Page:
Occasionally, water can accumulate within your dryer vent system so that there is wet, sopping lint. Normally, the moist air from the dryer dampens the dryer vent ductwork, the moisture in the exhaust is largely brought to the exterior, and the dampness remaining in the duct evaporates away. When there is a significant blockage or restriction such that the dryer is unable to bring the moisture outside, the water accumulates within the duct and creates problems. First, it can be very difficult to clean the dryer vent (higher cost) and can also require an additional cleaning a week or two later (extra cost). Second, large amounts of condensed water can leak out of the duct and damage your house. Third, this same water can corrode the galvanized metal ductwork, especially if it doesn't have a way to leak out of the duct. This can require anything from a more isolated repair to a complete dryer vent replacement. This can all be avoided by simply staying up on regular dryer vent cleanings. All these problems become quite costly and can be mitigated by proper maintenance.
Here's a quick post regarding the three most common items needing replacement in a dryer vent system.
1) Transition Duct -- this is the duct that joins your dryer duct to the main duct. This should be made of heavy metal, but often it is not. There is a sticker on the back of most dryers that clearly specifies this.
2) Termination Hood -- this is where the exhaust system meets the exterior. The termination hood can be through the wall or roof (either is ok!) and there needs to be a damper integrated into it (whether a single damper or louvers). Plastic termination hoods are not recommended because most crack and break apart after a few years.
3) Main Duct -- sometimes a builder has installed an improper dryer vent and it needs to be replaced. "Slinky foil", vinyl, and semi-rigid are all insufficient materials to act as the main duct. In this case, the main duct will need to be replaced with heavy-gauge rigid material.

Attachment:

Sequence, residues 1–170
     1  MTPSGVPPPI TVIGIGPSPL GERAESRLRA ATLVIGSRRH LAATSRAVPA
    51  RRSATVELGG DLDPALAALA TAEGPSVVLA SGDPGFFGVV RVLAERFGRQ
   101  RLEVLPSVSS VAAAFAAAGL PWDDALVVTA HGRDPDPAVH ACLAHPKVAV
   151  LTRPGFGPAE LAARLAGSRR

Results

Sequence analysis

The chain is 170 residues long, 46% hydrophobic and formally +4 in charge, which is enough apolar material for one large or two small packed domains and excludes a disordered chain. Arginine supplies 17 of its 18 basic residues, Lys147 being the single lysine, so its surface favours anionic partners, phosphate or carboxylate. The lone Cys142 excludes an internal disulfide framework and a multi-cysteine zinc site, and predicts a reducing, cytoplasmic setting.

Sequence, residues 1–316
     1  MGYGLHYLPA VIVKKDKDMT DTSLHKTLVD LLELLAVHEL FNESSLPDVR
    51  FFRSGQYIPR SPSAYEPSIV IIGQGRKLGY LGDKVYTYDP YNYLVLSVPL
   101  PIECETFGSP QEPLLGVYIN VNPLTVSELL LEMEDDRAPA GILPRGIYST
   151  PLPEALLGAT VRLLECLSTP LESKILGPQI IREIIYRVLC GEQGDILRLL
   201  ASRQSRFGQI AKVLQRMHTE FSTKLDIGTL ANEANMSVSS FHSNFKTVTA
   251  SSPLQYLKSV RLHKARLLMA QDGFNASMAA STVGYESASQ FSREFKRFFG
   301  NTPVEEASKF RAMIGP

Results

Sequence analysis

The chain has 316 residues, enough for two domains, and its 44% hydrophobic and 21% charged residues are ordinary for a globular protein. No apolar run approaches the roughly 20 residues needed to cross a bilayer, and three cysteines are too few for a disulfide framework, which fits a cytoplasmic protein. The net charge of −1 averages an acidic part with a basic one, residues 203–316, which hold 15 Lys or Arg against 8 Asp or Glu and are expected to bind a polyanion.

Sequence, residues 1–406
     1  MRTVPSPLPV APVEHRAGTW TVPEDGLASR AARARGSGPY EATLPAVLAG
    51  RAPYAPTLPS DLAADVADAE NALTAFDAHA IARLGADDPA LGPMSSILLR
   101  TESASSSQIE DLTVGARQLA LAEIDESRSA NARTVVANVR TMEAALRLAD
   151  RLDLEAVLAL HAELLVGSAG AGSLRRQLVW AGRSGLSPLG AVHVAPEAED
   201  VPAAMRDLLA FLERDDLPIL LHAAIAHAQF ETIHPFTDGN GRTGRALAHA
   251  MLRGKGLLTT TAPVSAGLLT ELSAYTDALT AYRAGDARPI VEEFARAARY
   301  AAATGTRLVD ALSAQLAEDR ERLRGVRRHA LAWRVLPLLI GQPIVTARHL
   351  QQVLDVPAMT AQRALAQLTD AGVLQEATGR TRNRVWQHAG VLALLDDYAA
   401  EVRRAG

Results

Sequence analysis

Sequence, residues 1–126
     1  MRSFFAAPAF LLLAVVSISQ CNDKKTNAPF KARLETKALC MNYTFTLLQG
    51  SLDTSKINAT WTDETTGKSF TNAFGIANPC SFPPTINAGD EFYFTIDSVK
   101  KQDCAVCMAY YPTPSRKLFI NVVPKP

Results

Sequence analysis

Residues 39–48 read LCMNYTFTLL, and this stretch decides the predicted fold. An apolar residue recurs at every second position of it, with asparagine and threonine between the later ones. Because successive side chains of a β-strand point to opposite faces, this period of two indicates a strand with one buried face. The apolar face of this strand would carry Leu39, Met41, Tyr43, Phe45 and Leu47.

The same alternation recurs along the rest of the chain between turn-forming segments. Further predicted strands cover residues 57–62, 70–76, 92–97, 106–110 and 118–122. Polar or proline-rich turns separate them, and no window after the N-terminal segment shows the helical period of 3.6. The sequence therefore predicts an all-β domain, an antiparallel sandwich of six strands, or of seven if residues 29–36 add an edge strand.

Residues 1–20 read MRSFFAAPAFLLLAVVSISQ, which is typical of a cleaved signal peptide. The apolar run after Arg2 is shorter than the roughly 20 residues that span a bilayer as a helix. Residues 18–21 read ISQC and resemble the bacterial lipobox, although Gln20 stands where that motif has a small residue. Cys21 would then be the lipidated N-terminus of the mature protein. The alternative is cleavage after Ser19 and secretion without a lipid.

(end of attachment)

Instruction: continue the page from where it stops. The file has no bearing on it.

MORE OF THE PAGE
Each of these can vary much in replacement difficulty and complexity. A handy homeowner might tackle easier scenarios, but for more challenging situations a professional installation may be required.
Today, as I serviced one customer's house, the homeowner and I were discussing the importance of dryer vent cleaning. In our conversation I think she summarized it well: the main impetus for dryer vent cleaning is to mitigate the fire hazard, and shorter drying times and less energy usage are merely extra benefits.
You want to be cleaning the vent before excessive accumulation occurs, otherwise you begin flirting with the fire hazard. This means that if you follow the industry recommendations for intervals between cleaning (typically 1 year) you probably won't experience a dramatic change in drying times or energy usage (unless birds get in your vent!), but you will be following 'best practice' in order to mitigate the fire hazard.
It is always satisfying when I leave a home knowing that the owner(s) will experience substantially shorter drying times. It is impressive removing large amounts of lint or multiple feet of a bird nest because I know that there will be a drastic difference in airflow before and after cleanings. However, truth be told, I am much more satisfied leaving a home that has been maintained with regular cleanings and has removed marginal accumulation because I know that the family, house, and appliance are being safeguarded.
There is a reason that cleanings are recommended annually, and not every 5 or 10 years.